Gulyas, Aaron –
“The Saucer Life is a podcast which explores the history and lore of flying saucers (or UFOs, if you like) through the lens of individual stories of encounters, sightings, concepts or events. “Stories” is the key word: we’re not interested in either proving or debunking anything. Rather, we’re treating flying saucers as folklore.”
“Aaron Gulyas was born in Indiana in 1975. Raised on toy-themed cartoons, game shows, and Star Trek reruns he has, nonetheless, achieved some sort of success in his life.
Gulyas received his BA in History from Hanover College in 1998 and promptly went to work for the state of Indiana assessing disability insurance claims. Wearing out his welcome in the civil service within a year or so, he shifted to the thrilling world of proofreading. Realizing he was only really good at history, he returned to school and was awarded an MA in United States History from Indiana University-Indianapolis in 2003. He then moved into teaching, eventually landing at Mott Community College, where he has taught since 2006.
Gulyas has presented numerous scholarly papers at conferences for various organizations, including the American Culture Association, the Popular Culture Association, and the Educational Technology Organization of Michigan. He has contributed to numerous history education and popular cultural resources. His first book, Extraterrestrials and the American Zeitgeist: Alien Contact Tales since the 1950s, was published by McFarland in 2013. He also contributed a chapter to Doctor Who in Time and Space: Essays on Themes, Characters, History and Fandom, 1963-2012, about the ways in which fan expectations shaped the 1996 and 2005 revivals of the classic science fiction series.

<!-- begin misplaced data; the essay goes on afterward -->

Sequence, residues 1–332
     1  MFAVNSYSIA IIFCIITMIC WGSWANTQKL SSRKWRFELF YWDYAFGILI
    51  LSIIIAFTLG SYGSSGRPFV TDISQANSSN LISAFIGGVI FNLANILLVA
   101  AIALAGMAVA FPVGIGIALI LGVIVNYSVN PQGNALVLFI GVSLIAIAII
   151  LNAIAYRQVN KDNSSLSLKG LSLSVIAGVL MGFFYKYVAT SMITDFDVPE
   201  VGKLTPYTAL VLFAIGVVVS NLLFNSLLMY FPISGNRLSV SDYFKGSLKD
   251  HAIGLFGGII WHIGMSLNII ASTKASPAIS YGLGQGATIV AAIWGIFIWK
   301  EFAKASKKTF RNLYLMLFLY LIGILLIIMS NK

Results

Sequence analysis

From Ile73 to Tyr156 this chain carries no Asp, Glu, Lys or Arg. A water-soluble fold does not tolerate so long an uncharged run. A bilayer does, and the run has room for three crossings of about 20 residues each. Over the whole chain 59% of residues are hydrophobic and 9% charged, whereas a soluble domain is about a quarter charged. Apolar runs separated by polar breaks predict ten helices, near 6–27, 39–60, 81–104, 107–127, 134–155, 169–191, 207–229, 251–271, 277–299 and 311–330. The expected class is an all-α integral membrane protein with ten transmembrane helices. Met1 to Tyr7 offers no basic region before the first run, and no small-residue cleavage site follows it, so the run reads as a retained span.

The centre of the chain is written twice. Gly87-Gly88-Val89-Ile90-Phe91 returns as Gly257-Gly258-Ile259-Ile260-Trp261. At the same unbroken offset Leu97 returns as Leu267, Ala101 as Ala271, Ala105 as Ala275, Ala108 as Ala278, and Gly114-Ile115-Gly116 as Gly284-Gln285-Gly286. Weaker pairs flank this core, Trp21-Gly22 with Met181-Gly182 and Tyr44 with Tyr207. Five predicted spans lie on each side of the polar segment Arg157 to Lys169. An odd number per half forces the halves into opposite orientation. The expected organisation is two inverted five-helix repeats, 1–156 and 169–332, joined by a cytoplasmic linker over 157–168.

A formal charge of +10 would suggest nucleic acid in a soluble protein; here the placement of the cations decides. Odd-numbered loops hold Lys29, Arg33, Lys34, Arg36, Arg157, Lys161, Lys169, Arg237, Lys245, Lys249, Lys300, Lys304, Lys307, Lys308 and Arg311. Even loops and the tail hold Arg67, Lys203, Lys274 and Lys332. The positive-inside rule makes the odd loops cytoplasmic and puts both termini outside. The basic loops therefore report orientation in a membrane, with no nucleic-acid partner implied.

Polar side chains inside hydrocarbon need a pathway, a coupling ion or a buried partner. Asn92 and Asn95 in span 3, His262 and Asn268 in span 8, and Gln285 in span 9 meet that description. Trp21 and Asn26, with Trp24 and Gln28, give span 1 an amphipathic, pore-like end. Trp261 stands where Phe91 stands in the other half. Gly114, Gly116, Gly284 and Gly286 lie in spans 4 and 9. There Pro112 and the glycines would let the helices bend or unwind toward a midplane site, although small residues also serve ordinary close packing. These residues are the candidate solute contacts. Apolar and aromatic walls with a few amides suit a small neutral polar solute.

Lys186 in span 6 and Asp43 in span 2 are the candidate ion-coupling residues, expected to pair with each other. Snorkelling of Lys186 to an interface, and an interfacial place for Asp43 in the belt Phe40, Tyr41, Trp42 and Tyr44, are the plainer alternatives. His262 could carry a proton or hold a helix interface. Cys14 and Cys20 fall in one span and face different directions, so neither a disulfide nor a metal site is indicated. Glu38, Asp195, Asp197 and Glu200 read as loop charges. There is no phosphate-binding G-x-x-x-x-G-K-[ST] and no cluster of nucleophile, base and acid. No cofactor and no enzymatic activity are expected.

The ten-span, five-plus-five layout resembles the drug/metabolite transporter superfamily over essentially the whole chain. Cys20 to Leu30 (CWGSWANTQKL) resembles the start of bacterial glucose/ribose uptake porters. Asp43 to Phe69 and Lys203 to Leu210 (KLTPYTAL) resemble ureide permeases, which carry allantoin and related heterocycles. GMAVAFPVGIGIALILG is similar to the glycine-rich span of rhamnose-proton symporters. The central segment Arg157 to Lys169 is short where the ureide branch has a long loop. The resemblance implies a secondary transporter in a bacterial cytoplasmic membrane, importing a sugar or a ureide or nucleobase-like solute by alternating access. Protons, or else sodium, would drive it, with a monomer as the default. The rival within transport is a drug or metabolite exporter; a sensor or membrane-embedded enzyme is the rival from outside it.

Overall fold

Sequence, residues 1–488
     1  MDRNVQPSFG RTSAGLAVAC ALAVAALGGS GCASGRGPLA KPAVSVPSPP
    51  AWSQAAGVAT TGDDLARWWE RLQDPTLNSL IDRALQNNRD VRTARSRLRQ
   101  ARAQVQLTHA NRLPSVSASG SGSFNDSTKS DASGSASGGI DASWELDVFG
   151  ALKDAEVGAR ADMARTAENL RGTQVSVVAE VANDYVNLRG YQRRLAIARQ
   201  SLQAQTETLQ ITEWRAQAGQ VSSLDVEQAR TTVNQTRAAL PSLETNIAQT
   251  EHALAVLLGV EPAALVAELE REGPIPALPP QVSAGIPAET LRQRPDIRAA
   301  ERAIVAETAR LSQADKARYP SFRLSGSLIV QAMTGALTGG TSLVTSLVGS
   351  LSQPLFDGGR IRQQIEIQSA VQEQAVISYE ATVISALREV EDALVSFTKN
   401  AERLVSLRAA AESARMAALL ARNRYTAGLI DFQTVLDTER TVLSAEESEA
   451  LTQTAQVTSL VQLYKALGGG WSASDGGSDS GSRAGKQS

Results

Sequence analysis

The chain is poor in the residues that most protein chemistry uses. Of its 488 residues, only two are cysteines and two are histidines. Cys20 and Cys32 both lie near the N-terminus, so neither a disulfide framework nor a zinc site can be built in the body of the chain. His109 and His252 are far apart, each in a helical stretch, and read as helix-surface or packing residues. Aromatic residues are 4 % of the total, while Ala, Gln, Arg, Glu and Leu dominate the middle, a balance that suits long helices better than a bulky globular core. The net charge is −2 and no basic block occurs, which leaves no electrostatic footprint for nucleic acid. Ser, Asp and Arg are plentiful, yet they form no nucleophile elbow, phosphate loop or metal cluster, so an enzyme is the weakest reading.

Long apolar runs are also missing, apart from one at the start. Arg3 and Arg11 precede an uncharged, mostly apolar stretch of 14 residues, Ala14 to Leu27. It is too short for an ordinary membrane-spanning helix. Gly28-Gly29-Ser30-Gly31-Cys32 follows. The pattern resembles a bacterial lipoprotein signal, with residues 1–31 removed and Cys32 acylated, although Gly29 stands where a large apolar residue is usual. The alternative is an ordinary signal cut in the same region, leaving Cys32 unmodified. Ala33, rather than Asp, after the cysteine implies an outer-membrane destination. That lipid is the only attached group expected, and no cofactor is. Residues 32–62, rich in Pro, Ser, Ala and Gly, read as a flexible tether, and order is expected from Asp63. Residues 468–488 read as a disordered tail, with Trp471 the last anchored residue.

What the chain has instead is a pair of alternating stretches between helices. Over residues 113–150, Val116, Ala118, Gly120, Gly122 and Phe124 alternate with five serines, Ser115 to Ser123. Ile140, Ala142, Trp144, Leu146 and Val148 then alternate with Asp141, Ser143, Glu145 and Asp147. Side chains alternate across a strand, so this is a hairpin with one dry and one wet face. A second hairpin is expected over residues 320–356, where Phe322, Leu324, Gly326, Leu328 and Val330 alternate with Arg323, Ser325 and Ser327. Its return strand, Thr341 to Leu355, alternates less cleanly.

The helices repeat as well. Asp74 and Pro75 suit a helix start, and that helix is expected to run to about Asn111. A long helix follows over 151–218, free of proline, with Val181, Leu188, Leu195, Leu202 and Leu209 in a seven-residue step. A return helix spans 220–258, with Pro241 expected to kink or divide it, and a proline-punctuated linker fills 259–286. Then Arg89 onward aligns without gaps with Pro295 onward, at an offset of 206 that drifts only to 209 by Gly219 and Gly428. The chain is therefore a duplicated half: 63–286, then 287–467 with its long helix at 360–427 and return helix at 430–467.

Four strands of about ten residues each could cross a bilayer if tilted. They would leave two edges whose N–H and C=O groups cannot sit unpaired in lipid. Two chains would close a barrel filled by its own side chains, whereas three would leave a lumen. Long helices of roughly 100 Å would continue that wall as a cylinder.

He lives near Flint, Michigan, with his wife and son.”
Anomaly Archives Streamathon 2020 Fundraiser lecture…
Aaron Gulyas – “Contactee Countdown” Top Most Influential (or Fun) UFO Contactees
“Guest: Aaron Gulyas is history teacher at Mott Community College in Flint, Michigan. He’s also the author of several books, the latest of which taps into a treasure-trove of short films in the public domain: Newsreels and Public Service Shorts. Rather than comment on history, they are themselves artefacts of history; the history of 20th century American society and culture.”
Appearances on the game show JEOPARDY